Over the past few years there have been periodic bouts of speculation and controversy over the extent of South Africa's brain drain. Statistics South Africa stopped collecting data on emigration several years ago, and the flawed conduct of the 1996 and 2001 censuses has left question marks hanging over calculations based on other official data.
In 2006 the South African Institute of Race Relations estimated - by comparing the figures in Stats SA household surveys from 1995 and 2005 (as well as analysing other data) - that 841 000 white South Africans had left the country in that period.
However, as Patrick Laurence pointed out at the time there had been a considerable undercount of whites in the 2001 census and as a result the whites "who ‘disappeared' between 1995 and 2005 may not have emigrated. They may simply not have been counted in the 2001 census and consequently may not have been reflected adequately, if at all, in subsequent statistical data released by Stats SA."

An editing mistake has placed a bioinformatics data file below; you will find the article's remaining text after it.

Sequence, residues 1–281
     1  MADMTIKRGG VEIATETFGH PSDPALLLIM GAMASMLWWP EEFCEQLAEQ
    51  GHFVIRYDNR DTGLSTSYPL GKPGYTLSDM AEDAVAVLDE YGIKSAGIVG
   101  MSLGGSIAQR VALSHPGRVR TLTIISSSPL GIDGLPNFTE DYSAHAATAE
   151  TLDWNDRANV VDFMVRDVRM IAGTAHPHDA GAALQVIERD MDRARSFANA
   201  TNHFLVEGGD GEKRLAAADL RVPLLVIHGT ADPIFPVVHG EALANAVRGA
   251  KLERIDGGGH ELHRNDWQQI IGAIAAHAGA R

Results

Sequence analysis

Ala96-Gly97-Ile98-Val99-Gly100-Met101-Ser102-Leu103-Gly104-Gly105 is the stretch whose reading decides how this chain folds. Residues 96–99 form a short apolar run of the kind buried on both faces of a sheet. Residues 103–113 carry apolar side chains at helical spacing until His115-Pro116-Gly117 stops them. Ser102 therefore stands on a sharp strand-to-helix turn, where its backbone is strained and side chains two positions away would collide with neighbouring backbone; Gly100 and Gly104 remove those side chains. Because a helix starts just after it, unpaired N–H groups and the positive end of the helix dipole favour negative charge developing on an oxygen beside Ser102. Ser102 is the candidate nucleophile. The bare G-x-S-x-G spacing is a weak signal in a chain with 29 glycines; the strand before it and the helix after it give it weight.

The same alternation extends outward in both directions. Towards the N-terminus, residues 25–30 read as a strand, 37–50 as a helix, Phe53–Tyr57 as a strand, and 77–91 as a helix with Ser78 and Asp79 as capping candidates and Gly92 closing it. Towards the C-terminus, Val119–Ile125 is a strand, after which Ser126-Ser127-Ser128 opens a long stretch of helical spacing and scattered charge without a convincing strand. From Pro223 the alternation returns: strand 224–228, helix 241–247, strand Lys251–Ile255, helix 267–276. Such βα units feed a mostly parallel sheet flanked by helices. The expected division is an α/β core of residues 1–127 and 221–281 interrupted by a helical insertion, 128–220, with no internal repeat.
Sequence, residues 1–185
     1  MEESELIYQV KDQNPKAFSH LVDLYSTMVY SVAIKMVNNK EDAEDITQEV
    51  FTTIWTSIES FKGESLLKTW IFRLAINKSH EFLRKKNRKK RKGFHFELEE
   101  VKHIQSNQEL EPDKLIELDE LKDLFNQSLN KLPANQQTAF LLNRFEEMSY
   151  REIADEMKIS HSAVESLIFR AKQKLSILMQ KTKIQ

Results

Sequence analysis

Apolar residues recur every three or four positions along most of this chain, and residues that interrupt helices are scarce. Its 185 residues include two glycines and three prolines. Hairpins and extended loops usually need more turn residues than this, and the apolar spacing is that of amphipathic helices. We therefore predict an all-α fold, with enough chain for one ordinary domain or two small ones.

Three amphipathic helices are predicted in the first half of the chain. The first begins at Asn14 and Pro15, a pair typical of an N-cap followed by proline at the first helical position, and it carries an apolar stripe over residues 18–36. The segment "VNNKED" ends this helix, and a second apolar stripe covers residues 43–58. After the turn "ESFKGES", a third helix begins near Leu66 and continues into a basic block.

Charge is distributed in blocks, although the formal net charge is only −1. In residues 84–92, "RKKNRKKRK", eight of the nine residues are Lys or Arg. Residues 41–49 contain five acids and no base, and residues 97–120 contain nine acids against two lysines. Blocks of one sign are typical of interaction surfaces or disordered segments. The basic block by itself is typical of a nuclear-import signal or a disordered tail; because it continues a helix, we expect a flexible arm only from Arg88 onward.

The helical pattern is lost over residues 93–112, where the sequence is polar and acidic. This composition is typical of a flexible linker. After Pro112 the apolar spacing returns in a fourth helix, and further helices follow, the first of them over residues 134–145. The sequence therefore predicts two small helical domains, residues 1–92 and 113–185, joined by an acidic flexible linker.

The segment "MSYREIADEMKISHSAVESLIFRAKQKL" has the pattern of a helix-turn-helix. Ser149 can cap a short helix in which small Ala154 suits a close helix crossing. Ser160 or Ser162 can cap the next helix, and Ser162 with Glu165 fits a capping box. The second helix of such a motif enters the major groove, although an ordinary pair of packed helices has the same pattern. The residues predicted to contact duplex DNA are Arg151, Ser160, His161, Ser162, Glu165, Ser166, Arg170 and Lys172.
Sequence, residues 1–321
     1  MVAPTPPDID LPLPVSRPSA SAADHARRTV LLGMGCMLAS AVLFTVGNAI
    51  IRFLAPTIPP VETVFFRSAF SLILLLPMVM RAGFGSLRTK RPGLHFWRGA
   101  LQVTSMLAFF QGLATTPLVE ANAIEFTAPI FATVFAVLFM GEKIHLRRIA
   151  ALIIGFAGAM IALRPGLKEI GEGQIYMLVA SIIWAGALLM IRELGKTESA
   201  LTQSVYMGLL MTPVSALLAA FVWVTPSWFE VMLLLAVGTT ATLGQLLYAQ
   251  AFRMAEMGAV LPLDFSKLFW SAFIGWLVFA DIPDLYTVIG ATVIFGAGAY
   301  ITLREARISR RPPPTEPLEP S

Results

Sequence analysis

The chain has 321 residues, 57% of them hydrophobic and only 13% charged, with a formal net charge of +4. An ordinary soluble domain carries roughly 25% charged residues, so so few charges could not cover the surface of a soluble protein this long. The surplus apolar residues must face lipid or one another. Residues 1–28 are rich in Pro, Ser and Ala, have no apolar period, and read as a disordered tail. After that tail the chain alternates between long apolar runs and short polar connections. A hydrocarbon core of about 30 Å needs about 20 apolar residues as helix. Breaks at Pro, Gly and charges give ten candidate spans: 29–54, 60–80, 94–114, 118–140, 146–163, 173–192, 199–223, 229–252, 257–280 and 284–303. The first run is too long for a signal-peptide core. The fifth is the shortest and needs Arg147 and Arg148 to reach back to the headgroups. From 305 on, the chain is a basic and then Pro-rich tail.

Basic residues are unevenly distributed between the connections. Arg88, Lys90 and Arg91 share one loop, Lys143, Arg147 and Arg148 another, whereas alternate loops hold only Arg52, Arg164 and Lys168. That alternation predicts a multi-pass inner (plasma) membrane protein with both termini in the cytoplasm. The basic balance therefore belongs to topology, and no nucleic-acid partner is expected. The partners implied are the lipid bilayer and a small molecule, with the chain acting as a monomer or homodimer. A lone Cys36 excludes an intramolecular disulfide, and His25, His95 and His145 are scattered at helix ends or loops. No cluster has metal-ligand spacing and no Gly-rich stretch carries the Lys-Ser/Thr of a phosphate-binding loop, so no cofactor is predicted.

Laurence further quoted Hilary Southall, a member of the Statistics Council, as saying that if the SAIRR had used the 1996 household survey figure as its starting point - rather than the 1995 one - the decline in the white population would have been measured at 127 000.
As it happens the main destination countries of South African emigrants do keep figures on the foreign born population of their countries. From this data, which is available on the OECD website, it is possible to get a fairly good idea of the extent of South African emigration.
19 OECD countries keep this sort of data. As the table below indicates - in 2010 - at least 588 388 individuals in these countries were recorded as having been born in South Africa. The real figure is likely to be higher than that as the figures for Canada and New Zealand date from 2006 and since then there have been further documented inflows of South African born migrants.